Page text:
Trashbot, Clean Robotics flagship product separates recyclables and monitors waste management processes by dynamically analyzing the data about what is disposed of in a building, city, or county.
“Waste is a nasty problem. People don’t want to think about it,” said Charles Yhap, CleanRobotics’ CEO, who was drawn to the company because it applied advanced technologies to garbage.
TrashBot is a “smart” waste bin that automatically sorts recyclables from everyday trash. By combining robotics, advanced sensor technology, and the Cloud, TrashBot not only categorizes your unwanted materials, it can audit your waste generation, let you know when it’s full, and can be wirelessly updated if there is a change in your community’s recycling program.
TrashBot has a single opening for all trash. People can simply walk up to a TrashBot and toss garbage into the open chamber. Once the item is inside, a combination of cameras and sensors scan the type of discarded material. Using a custom machine-learning algorithm, TrashBot then makes a classification. A mechanical flap system deposits the item into either the single stream recycling bin or landfill waste. A weight sensor then keeps track of the amount of recyclable material and landfill waste on a daily/weekly basis for accurate waste auditing; a particularly helpful feature for businesses who perform waste monitoring and/or those with green initiatives.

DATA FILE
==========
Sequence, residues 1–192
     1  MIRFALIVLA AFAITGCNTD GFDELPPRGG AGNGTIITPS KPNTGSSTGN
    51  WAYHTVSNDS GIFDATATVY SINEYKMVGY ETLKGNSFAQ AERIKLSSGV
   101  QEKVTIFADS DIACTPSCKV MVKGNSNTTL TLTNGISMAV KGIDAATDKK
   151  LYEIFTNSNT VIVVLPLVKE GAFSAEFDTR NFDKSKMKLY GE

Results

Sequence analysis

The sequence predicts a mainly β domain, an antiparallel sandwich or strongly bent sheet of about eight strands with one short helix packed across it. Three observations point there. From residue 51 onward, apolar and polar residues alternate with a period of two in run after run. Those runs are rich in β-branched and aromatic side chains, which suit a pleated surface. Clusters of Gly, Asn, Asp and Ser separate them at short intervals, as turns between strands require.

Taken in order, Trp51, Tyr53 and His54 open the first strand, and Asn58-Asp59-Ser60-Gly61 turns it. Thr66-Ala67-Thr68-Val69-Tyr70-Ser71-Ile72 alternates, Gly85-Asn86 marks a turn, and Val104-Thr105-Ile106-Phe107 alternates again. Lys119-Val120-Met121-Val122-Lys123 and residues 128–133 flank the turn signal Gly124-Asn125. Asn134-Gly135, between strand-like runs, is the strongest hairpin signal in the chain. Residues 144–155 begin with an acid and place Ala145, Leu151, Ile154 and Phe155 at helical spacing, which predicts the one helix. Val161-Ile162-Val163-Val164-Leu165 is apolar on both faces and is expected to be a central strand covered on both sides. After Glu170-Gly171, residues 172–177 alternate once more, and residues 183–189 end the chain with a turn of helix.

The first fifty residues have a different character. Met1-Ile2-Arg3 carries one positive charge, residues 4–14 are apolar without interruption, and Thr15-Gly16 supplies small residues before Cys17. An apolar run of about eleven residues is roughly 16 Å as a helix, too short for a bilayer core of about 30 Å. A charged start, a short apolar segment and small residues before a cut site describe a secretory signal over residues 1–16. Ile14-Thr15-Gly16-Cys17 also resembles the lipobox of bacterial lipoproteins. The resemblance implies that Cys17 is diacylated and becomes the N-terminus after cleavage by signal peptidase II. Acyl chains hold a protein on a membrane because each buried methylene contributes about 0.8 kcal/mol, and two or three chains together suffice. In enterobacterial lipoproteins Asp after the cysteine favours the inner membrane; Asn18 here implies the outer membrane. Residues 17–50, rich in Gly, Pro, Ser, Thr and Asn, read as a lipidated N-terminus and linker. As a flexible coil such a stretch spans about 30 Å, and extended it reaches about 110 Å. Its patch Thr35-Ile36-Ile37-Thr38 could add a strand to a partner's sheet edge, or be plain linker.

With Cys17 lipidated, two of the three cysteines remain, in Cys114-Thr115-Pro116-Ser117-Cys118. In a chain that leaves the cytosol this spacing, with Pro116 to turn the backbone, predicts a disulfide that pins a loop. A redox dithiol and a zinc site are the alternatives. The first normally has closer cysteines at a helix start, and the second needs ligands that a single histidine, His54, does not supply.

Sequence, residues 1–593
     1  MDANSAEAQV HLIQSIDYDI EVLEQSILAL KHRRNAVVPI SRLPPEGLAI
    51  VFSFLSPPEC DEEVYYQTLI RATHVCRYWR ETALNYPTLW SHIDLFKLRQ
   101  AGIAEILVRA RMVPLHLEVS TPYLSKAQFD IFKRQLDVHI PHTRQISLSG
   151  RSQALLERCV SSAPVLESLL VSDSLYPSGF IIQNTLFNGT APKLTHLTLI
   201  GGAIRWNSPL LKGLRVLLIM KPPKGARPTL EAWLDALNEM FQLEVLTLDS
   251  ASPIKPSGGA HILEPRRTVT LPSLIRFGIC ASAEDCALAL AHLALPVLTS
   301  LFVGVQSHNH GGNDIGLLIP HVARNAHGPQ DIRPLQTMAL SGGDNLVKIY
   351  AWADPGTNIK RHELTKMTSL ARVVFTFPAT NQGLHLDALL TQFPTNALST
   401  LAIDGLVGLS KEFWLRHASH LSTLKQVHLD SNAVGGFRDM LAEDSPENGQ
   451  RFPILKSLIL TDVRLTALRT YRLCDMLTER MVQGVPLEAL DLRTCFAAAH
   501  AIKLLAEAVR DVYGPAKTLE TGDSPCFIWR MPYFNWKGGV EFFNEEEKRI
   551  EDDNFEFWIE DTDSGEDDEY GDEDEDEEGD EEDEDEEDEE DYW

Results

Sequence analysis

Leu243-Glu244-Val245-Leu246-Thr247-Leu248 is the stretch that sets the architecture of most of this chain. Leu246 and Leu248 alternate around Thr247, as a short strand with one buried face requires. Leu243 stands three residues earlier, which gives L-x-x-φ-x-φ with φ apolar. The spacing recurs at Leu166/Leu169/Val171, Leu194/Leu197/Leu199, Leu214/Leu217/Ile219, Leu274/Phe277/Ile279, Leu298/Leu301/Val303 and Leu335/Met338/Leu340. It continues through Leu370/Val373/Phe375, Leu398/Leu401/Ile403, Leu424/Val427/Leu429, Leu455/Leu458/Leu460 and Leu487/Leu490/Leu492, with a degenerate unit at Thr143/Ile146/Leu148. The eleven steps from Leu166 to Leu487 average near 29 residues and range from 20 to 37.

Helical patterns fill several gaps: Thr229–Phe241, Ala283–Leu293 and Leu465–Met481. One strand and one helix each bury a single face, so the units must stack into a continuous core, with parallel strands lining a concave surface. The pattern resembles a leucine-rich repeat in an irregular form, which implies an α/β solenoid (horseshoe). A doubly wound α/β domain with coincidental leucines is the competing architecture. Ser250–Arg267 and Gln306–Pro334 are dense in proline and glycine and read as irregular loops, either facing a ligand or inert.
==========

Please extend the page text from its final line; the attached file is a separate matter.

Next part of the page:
Trashbot has already proven to be better than humans at sorting trash and recycling, Yhap said. CleanRobotics did a two-and-a-half week trial with the first version of Trashbot at a company in Pittsburgh. It’s sorting accuracy was 81 percent. Humans score about 30 percent, Yhap said.
The Mayor’s Office on Tuesday announced that CleanRobotics is among five companies selected to participate in the second round of the PGH Lab program. The program gives Pittsburgh startups a chance to test their products on problems facing city government. They work with city staff and officials, receive guidance and mentoring and have access to coworking spaces and startup accelerator services. They do not receive any funding from the city.
Annia Aleman, manager of the PGH Lab program, said the mission of CleanRobotics aligned with the city’s goal of diverting more waste to recycling instead of landfillsShe said Trashbot is a completely different program than the 400 to 500 smart garbage cans that sense how full they are that City Council approved last month.